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Is Linux just a hobby?

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@dantheman - you should be ok with 1GB. I'm running Mint on an old 2Ghz Core2-Duo laptop with 1 GB of RAM and 1 GB swap space and everything works just fine.  :)

So much for my experiment with Zorin!

For some reason, (just like Ubuntu too!)  :P , my monitor dims (during more intensive work like installing updates) and comes back.

So, LMDE is back on and doing just fine.
No fading in and out monitors here (did it on laptop and desktop).

It's funny that LinuxMint is promoting Yahoo (their supporter) search via their pre-installed version of Firefox but they still have Google on their startpage.

For some reason, (just like Ubuntu too!)  :P , my monitor dims (during more intensive work like installing updates) and comes back.

-dantheman (July 11, 2012, 07:15 PM)
--- End quote ---

Check your power management settings and see if the "Dim when idle" monitor option is selected. If it is, turn it off. I never use it because it's flaky with some graphic adapters and the power savings it provides are minuscule for most people. I just set my screensaver to black out the monitor after 15 minutes and call it a day.

I've got LMDE on for now but will double check it 40hz!
Don't think it's the issue for it only happens on Ubuntu and it dims for a moment and comes back in a moment by itself (without doing anything on my part).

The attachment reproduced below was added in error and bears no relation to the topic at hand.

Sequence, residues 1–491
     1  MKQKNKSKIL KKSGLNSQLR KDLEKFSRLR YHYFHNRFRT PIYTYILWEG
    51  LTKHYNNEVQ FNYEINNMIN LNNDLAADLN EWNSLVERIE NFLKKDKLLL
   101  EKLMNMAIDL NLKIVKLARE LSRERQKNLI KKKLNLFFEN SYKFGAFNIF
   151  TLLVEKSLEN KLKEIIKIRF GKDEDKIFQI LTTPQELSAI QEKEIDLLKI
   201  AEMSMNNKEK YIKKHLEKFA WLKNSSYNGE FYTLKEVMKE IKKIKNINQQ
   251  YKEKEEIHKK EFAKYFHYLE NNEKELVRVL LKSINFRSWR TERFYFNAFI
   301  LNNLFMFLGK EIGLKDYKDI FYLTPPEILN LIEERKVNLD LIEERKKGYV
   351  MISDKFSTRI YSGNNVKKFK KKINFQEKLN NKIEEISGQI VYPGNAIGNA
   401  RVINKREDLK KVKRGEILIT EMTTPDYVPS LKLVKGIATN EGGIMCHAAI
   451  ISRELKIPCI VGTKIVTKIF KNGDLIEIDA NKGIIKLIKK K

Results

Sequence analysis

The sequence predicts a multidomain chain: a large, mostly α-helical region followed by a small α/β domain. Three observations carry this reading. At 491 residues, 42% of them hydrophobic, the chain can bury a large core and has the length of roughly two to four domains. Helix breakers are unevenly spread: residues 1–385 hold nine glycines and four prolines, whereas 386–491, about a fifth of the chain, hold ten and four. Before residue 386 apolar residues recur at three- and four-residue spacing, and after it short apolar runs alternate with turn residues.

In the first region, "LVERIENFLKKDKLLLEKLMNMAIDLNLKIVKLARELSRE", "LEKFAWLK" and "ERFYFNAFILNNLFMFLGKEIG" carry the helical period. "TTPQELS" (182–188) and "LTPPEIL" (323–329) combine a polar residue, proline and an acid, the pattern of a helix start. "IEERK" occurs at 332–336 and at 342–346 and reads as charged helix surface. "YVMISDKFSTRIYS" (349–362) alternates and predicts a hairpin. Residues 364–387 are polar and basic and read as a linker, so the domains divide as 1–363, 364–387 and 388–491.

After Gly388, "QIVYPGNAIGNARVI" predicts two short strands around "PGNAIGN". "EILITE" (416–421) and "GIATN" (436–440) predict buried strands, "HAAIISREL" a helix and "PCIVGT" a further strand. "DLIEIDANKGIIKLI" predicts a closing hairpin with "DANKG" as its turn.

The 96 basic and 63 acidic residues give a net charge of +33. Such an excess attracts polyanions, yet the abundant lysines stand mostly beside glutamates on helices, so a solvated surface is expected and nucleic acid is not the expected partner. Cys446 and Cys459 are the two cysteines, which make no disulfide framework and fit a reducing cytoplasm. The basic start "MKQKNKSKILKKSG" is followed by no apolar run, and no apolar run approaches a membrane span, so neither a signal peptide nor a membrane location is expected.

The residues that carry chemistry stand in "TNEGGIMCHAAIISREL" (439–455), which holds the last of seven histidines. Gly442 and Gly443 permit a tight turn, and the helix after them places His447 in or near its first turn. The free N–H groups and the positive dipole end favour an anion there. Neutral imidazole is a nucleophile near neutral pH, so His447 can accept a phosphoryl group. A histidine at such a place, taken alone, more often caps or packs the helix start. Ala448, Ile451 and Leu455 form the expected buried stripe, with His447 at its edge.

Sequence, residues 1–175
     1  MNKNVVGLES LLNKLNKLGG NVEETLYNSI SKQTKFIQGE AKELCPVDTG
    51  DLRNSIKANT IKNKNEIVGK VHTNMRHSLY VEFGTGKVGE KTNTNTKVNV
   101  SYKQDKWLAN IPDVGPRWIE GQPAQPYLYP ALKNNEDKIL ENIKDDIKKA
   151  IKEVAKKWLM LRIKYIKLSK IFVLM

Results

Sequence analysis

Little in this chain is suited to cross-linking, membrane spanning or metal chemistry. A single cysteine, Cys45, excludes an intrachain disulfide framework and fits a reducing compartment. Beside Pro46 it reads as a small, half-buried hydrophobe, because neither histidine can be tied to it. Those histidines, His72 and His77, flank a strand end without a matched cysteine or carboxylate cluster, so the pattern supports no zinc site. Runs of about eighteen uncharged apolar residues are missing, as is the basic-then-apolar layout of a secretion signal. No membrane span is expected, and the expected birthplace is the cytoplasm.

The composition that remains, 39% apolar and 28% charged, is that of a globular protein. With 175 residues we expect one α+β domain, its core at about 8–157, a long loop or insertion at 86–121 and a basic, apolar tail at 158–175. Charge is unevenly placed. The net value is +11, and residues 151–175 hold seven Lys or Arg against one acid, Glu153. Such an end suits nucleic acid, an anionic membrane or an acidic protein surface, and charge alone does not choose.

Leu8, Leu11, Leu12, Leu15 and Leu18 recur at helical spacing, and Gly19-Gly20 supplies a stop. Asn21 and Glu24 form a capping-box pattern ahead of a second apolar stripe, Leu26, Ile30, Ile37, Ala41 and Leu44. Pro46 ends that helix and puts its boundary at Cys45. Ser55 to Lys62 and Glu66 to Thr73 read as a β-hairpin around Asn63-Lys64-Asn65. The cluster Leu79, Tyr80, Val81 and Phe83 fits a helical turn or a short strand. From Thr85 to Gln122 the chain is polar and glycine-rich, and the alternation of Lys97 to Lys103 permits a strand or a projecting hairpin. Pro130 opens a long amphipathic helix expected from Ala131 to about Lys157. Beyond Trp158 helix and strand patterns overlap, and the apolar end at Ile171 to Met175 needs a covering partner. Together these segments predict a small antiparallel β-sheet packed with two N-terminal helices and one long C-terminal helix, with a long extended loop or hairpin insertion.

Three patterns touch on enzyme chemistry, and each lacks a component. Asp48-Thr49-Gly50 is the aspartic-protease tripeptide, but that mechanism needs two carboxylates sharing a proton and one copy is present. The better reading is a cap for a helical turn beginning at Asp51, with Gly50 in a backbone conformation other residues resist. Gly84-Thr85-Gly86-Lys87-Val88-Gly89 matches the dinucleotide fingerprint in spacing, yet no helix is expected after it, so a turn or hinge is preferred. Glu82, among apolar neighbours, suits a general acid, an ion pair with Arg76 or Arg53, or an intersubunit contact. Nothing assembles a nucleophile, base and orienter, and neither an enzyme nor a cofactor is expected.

One issue with LMDE; i couldn't install Opera stable via Software Manager.
Got it from their site though.

Otherwise, LMDE is pretty quick (spiffy i would say!)  :Thmbsup:

For a non-geek like myself, it was a challenge to install it though (partitions etc.)

* Edvard ropes the wayward calf and attempts to bring it back to topic...
Glad to see you're doing what Linux users the world over are discovering every day... Using what works for you.
But back to the question: in all that, did you feel like you were tinkering with an amusing hobby?  Or were you performing vital troubleshooting procedures in order to produce a usable workstation which would serve your computing needs for the foreseeable future?

That, I think is one of the dividing lines that must be crossed in order to differentiate between one or the other.  Seems so logical to say that Windows or Mac isn't a hobby, because they are production-ready systems that so many people actually do work on, for, and with.  Linux has classically been the domain of the tinkerer, power user, or the merely intellectually curious; yet, it has stood the test of production systems for years now.  Even now, a sizable chunk of the internet is powered by Linux or BSD (the "other" hobby OS),  and I am constantly absolutely boggled by the fact that people have absolutely no clue that their most trusted communication link (cell phone) could possibly be running on a hobby OS (android).

Like I said in my first response, it is what you make it.
I've used Linux in some incarnation for ~10 years now as my main, and now only OS, and it's as vital to me as any Windows or Mac would be to anyone else.  Granted, when my Linux breaks and I can't fix it, I go to the "community" instead of to the "experts", but really that's the biggest difference anymore.

8 more cents, and you'd have a dollar...


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